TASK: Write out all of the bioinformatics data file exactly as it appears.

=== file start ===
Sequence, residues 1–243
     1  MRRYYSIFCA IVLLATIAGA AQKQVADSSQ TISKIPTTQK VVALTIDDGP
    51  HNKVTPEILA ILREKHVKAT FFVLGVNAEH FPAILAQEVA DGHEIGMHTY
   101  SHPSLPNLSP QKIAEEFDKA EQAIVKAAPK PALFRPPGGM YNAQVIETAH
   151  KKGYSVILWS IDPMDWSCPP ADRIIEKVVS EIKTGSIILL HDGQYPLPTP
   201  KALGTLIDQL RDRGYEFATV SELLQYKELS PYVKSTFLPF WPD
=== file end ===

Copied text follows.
Sequence, residues 1–243
     1  MRRYYSIFCA IVLLATIAGA AQKQVADSSQ TISKIPTTQK VVALTIDDGP
    51  HNKVTPEILA ILREKHVKAT FFVLGVNAEH FPAILAQEVA DGHEIGMHTY
   101  SHPSLPNLSP QKIAEEFDKA EQAIVKAAPK PALFRPPGGM YNAQVIETAH
   151  KKGYSVILWS IDPMDWSCPP ADRIIEKVVS EIKTGSIILL HDGQYPLPTP
   201  KALGTLIDQL RDRGYEFATV SELLQYKELS PYVKSTFLPF WPD